I will end on just two points.
Firstly, what are we doing all this for?
Even if you believe that global warming is a terrifying threat to mankind - even if we were to reduce our CO2 emissions by 80 percent in 40 years as the Climate Change Act dictates - Britain at present contributes only less than 2 percent to the world’s total emissions. Yet China is now adding more than that to the global total every year, making anything we do just an empty gesture.
Secondly, when we look at the pitiful amounts of renewable electricity we are going to get for all this money, it is equally quite irrelevant to the real problem roaring down on us all here in Britain, as we look forward to that 40 percent shortfall in our electricity supplies when 14 of our major nuclear and coal-fired power stations are in a few years time forced to close. And we are told that we are unlikely to get any nuclear replacements before 2020 and that we cannot build any new coal-fired plants unless they are fitted with the great fantasy of carbon capture and storage, which would double the cost of their electricity - even if the technology could be made to work which, as recent studies have confirmed, is never going to happen anyway.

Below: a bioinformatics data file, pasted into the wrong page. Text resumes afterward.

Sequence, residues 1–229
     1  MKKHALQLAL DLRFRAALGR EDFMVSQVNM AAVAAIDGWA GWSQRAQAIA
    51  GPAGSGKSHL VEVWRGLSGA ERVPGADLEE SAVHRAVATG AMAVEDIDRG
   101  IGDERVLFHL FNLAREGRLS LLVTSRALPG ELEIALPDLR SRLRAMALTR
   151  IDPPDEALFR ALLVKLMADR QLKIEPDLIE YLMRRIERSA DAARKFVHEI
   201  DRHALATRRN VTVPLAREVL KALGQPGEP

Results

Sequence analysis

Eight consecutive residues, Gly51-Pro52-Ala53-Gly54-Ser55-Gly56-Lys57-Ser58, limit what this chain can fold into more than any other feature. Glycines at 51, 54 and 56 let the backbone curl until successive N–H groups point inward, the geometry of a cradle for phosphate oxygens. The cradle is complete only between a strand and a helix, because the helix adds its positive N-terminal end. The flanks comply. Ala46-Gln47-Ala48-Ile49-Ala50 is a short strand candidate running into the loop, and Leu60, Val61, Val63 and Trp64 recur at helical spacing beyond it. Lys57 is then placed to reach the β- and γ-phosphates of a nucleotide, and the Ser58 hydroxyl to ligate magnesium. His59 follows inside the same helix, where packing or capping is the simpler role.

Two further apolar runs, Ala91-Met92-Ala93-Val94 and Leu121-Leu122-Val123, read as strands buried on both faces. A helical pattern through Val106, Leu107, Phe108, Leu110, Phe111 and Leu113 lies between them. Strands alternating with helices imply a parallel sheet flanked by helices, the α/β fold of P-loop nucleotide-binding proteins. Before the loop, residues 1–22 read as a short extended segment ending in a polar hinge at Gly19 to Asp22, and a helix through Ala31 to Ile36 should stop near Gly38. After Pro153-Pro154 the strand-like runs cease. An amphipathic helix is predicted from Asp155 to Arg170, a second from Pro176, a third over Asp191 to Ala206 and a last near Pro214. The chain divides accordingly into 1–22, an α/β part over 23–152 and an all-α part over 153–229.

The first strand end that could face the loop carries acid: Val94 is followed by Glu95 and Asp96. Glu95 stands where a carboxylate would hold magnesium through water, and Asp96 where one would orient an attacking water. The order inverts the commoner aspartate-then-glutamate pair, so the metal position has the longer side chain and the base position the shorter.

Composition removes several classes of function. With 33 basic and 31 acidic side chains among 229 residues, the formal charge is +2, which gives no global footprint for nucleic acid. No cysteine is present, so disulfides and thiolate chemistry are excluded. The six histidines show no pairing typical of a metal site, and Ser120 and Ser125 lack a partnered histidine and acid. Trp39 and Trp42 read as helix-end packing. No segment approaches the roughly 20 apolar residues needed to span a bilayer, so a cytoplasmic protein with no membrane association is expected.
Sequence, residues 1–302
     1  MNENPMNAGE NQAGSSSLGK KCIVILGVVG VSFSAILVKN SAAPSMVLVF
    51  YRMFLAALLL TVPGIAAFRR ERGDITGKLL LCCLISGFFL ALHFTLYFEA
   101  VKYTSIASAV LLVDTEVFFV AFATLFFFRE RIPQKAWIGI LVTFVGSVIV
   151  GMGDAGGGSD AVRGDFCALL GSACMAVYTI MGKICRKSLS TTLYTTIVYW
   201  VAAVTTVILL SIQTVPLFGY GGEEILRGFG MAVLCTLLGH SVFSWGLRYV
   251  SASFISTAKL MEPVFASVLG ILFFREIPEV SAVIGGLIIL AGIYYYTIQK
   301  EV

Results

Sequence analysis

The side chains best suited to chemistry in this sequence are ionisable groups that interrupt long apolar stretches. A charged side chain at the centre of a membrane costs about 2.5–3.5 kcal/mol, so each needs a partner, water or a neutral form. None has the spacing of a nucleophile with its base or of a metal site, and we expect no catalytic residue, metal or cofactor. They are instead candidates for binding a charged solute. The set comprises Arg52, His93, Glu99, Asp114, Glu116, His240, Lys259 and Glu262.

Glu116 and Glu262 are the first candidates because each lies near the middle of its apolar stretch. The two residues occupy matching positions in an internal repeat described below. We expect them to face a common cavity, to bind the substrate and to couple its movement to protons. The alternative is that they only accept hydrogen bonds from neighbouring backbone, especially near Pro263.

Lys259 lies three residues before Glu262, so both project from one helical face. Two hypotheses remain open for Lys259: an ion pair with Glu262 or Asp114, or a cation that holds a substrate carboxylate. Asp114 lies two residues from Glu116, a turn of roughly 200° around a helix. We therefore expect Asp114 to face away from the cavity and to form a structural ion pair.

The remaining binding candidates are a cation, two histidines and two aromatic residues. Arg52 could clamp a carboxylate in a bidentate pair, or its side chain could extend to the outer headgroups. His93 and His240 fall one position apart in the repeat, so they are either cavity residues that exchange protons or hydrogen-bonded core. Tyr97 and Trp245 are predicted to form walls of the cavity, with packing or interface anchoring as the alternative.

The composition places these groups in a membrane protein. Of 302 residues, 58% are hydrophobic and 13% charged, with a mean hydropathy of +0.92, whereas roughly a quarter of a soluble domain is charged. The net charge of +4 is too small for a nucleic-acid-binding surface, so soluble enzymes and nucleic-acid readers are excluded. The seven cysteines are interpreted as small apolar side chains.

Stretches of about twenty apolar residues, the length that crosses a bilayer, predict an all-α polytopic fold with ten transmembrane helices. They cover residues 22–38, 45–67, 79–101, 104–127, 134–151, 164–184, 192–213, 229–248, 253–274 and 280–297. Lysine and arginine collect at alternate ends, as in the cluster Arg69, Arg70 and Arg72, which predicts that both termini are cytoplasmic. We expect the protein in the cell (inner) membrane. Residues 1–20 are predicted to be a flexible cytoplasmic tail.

What I would like to see emerging from today’s meeting is the thought that there might be brought together a group of say, a dozen or 20 MPs who have really done their homework on all these matters, and who could launch here in Parliament a concerted, persistent and properly briefed challenge to all this mad wishful thinking. The Climate Change Act was not only by far the most expensive law ever passed by Parliament, it represented as great a collective flight from reality as this once great institution has ever witnessed. It is time that flight from reality began seriously to be reversed.
And I would like to think that the fight-back for reality might begin here today.
Christopher Booker is a columnist for the British newspaper, The Telegraph.